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Emotional Intelligence in the Workplace

         I was reading Jessica Stillman’s blog yesterday, where she posted an entry about emotional intelligence (EI).  She wrote that EI is a more important quality than IQ to managers when evaluating new hires or whom to promote.  Being of particular interest to me, as I am someone on the job hunt, I did some more reading.  She wrote in reaction to a study done by careerbuilder.com where the company polled 2,662 hiring managers, finding that:

When asked why emotional intelligence is more important than high IQ, employers said (in order of importance):

· Employees [with high EI] are more likely to stay calm under pressure
· Employees know how to resolve conflict effectively
· Employees are empathetic to their team members and react accordingly
· Employees lead by example
· Employees tend to make more thoughtful business decisions

         I think it would be easy to assume that these perceived benefits of higher EI would be desirable to any manager.  Moving on to Wikipedia to get a better understanding of what EI is gave light to various definitions or models.  What I understood as the general feeling of EI is being able to not only understand and control one’s own emotions but also to grasp those of others.  This goes as far as being able to grasp what motivates others and their intentions.  These skills are not only useful while working in teams but also when involved with clients or other stakeholders.  Also, perhaps, they allow greater understanding of implicit communication, then someone with higher EI may be able to meet demands that were unclear.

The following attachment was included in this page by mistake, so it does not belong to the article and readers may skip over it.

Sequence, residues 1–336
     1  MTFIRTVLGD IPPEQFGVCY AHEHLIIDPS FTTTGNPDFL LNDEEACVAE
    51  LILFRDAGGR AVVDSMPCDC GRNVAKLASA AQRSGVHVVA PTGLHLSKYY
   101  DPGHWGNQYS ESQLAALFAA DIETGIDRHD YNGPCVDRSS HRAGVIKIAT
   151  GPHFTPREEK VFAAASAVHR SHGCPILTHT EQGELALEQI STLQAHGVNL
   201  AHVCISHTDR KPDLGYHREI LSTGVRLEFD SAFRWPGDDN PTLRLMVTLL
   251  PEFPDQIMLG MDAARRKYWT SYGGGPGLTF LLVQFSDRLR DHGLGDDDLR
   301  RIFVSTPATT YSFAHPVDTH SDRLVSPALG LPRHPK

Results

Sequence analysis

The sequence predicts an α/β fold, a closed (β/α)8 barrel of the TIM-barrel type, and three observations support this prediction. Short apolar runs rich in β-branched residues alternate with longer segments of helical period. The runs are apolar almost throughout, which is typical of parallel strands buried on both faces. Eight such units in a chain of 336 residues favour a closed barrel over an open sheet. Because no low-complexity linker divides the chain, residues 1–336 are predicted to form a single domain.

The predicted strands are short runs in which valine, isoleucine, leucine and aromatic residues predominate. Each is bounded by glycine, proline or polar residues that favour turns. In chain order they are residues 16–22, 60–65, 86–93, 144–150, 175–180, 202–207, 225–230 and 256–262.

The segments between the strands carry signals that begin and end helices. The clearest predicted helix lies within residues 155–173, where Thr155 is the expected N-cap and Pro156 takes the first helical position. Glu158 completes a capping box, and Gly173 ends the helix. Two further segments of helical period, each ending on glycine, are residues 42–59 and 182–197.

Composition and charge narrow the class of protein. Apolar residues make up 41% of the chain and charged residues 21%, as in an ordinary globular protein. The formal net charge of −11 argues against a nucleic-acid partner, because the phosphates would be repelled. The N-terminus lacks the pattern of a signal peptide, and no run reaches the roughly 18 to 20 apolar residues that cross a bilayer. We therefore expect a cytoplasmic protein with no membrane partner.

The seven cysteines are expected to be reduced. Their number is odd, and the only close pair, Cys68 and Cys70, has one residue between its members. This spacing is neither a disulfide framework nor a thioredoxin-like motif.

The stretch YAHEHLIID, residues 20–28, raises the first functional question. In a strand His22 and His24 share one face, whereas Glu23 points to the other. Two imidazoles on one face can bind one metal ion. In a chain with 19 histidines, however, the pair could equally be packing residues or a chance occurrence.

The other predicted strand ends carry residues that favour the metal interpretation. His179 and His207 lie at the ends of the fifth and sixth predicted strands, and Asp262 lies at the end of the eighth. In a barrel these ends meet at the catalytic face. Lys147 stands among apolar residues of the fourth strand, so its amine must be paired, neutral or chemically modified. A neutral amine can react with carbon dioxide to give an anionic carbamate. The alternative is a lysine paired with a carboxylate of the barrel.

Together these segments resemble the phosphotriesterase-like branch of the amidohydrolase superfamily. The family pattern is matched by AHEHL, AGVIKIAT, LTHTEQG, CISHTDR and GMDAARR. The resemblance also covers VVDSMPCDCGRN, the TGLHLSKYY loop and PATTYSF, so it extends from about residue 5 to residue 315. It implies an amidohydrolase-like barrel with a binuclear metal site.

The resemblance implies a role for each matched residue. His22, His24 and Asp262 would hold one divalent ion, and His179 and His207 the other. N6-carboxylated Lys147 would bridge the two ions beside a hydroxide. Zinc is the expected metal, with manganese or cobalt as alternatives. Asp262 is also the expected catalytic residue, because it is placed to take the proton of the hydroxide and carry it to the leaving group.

So now the question is how to make sure that I communicate EI in my cover letters and resume.  However, how sure can I be that I have high EI?  Would someone with it need to be concerned about demonstrating it?  Maybe those thoughts have something to do with her latest post.

  1. August 24, 2011 at 8:52 am

    Very interesting topic! Thanks for starting the discussion. No doubt that a specific skill set is crucial in any work place, but emotional intelligence and soft skills are often just as valuable!

    • August 24, 2011 at 10:14 am

      Thanks! I definitely agree that a specific skill set is a requirement just to be considered, especially for positions that place increasing importance on formal knowledge. When evaluating two or more candidates, though, demonstrating high EI and soft skills is definitely going to come into play.

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